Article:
OPINION ISSUED APRIL 2, 1992
GARY L. NORMAN
DIVISION OF HIGHWAYS
Claimant represents self.
James D. Terry, Attorney at Law, for respondent.
On December 4, 1990, the claimant was traveling east on Interstate 64 in a freezing rain storm with
poor visibility when his vehicle went over a broken section of concrete near the entrance to the West
Virginia Turnpike in Kanawha County. It was approximately 9:15 p.m. The claimant described the
hazard as four feet wide and two feet deep. The damage to his vehicle was caused by the broken
concrete in the road and not by the hole itself. The claimant testified that he avoided the hole, but
struck the pieces of concrete strewn along the lane in which he was traveling. His 1987 Toyota
Corolla sustained unspecified damage to the front axle, struts, rims, tires, and wheel assembly. The
damage was repaired at a cost of $1,636.06, and was paid by the claimant's insurer, Aetna Casualty.
However, $250.00 of this sum was paid by the claimant as his deductible. The Court will consider
only the claimant's portion of his deductible as a recoverable loss in this matter. Accordingly, Aetna
Casualty as Subrogee of Gary L. Norman, is dismissed as a party in this claim pursuant to the Court's
holding in Wanita Sommerville/State Farm Fire and Casualty vs. Div. of Highways, Claim no.
CC-89-374, an unpublished Opinion disallowing subrogation by vehicle insurers as moral
obligations of the State, issued January 4, 1991.
The respondent denied negligence as it did not have adequate notice of the hazardous condition.
Herbert C. Boggs, an Interstate Maintenance Assistant responsible for the highway at the accident
site, testified that his office did not have prior notice of the described hole nor of pieces of concrete
scattered along the road. Although he acknowledged that pavement may "blow-up" as the result of
freezing weather, his office was unaware of this occurrence at the accident site until a telephone call
came in at 9:15 p.m. on December 4, 1990.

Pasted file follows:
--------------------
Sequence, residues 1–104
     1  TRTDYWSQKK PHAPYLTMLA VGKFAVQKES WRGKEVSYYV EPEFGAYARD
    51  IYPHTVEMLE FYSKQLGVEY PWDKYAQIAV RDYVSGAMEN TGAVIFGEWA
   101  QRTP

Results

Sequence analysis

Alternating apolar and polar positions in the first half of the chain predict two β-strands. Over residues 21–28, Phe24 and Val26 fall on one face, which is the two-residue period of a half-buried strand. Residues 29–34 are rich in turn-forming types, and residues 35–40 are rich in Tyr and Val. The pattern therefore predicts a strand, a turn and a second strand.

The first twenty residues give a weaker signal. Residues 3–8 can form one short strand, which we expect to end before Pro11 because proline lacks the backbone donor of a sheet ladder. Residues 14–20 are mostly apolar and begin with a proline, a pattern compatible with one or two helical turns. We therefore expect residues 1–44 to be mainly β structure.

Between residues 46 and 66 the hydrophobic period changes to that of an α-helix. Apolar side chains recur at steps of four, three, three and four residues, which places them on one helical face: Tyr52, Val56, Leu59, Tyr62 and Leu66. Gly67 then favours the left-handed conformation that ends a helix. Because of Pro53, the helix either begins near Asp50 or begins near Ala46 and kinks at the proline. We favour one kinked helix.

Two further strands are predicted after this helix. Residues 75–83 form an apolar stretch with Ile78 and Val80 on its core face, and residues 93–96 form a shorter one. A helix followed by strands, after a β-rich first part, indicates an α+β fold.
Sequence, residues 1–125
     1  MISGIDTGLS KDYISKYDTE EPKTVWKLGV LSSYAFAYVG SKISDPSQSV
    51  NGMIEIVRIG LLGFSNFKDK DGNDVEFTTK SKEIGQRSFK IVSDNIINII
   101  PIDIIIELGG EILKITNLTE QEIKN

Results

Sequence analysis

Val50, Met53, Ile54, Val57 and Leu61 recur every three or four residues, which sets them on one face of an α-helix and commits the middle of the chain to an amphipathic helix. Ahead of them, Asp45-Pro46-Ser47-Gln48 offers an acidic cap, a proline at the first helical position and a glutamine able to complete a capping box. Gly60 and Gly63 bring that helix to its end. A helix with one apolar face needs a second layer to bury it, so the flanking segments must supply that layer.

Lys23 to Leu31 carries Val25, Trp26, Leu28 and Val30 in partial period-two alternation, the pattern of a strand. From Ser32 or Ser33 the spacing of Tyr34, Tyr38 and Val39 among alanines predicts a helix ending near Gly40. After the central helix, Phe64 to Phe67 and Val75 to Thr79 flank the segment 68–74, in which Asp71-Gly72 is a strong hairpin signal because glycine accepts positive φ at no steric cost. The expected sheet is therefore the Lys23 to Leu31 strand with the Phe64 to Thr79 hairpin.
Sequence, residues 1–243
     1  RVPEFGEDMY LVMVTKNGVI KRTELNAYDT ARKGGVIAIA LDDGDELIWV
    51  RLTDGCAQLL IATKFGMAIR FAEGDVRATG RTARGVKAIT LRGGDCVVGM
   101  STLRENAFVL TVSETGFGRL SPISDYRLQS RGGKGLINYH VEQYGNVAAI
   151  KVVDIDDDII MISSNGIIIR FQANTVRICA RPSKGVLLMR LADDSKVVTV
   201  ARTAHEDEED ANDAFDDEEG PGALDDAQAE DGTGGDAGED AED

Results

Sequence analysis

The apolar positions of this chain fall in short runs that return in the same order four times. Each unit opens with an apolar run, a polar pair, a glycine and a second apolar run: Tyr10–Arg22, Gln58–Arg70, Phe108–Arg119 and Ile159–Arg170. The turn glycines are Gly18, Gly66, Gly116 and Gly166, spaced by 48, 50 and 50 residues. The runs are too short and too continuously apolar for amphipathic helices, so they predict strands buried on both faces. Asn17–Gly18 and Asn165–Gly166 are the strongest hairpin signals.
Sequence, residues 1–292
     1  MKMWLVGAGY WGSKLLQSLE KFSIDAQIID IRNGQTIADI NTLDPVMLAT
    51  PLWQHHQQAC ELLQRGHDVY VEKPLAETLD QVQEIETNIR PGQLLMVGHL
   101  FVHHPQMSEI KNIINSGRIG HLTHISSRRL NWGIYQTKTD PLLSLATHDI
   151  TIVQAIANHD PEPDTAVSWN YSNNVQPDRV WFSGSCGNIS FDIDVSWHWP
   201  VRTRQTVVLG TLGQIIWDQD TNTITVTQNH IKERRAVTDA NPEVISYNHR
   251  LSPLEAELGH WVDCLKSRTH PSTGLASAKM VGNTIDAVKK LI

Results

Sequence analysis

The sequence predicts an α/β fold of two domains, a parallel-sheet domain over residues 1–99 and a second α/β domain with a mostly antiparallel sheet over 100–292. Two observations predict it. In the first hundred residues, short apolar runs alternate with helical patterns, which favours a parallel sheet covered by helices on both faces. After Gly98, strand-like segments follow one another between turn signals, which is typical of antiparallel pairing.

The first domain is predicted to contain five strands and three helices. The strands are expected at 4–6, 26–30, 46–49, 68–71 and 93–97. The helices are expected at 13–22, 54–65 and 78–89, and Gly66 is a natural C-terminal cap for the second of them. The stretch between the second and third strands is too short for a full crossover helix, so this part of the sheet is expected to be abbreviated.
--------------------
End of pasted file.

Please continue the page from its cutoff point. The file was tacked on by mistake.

The issue before the Court is whether the respondent had prior notice and a reasonable amount of
time to correct the road defect before the claimant's accident. The facts indicate that the respondent
did not have prior notice. The burden of proof is upon the claimant to demonstrate with a
preponderance of the evidence that the respondent had actual or constructive notice of the road
defect. This burden has not been satisfied. As the State is neither an insurer nor a guarantor of the
safety of persons traveling on its highways, the Court must deny this claim. Adkins v. Sims, 130
W.Va. 645, 46 S.E.2d 81 (1947). For the respondent to be half liable for damage caused by the road
defect, it must have had actual or constructive notice of the condition and a reasonable amount of
time to take corrective action. Davis v. Dept. of Highways, 11 Ct. Cl. 150 (1977). It is the opinion
of the Court that the respondent did not have adequate notice of the broken concrete which resulted
from the concrete "blow-up" on the highway. The Court is familiar with incidents of this nature occurring on concrete portions of highways and/or interstates in West Virginia. The respondent is
unable to determine when such events will occur. The respondent is under a duty to warn the
traveling public and/or to repair such areas, but it must be
afforded adequate time in which to act after it has received notice of the incident.
In accordance with the findings of the Court, this claim must be denied.